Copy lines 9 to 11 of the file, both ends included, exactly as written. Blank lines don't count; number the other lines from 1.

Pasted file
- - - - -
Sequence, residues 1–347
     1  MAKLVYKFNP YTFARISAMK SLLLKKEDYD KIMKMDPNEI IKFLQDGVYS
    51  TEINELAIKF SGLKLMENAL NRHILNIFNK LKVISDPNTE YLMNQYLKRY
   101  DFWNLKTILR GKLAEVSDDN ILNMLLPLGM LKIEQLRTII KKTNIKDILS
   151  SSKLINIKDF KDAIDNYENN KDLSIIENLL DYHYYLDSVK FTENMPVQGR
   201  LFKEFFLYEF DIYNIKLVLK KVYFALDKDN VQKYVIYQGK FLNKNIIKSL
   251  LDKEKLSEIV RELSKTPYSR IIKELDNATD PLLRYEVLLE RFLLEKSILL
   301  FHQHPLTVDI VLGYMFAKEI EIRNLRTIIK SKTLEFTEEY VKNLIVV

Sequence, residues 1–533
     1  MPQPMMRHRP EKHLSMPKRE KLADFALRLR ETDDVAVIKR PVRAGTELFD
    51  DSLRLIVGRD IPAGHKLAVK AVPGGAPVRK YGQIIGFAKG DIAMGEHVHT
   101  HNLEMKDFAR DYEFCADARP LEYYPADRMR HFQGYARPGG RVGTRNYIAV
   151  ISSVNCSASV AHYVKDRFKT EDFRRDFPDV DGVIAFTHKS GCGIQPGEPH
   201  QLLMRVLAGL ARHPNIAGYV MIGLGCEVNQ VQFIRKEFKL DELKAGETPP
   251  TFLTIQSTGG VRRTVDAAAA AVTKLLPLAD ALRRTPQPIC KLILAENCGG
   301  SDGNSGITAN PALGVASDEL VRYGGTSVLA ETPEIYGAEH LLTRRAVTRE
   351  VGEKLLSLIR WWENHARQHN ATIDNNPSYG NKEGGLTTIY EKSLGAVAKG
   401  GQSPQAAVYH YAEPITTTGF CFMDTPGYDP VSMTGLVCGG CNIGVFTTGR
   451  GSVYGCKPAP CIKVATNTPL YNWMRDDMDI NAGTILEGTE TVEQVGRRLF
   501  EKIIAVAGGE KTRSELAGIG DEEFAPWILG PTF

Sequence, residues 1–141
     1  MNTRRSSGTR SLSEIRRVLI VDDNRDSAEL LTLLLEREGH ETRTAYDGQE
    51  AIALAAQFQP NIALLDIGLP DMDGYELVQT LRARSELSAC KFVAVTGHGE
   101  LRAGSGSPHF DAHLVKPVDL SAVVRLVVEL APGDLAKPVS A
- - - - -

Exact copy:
Sequence, residues 1–533
     1  MPQPMMRHRP EKHLSMPKRE KLADFALRLR ETDDVAVIKR PVRAGTELFD
    51  DSLRLIVGRD IPAGHKLAVK AVPGGAPVRK YGQIIGFAKG DIAMGEHVHT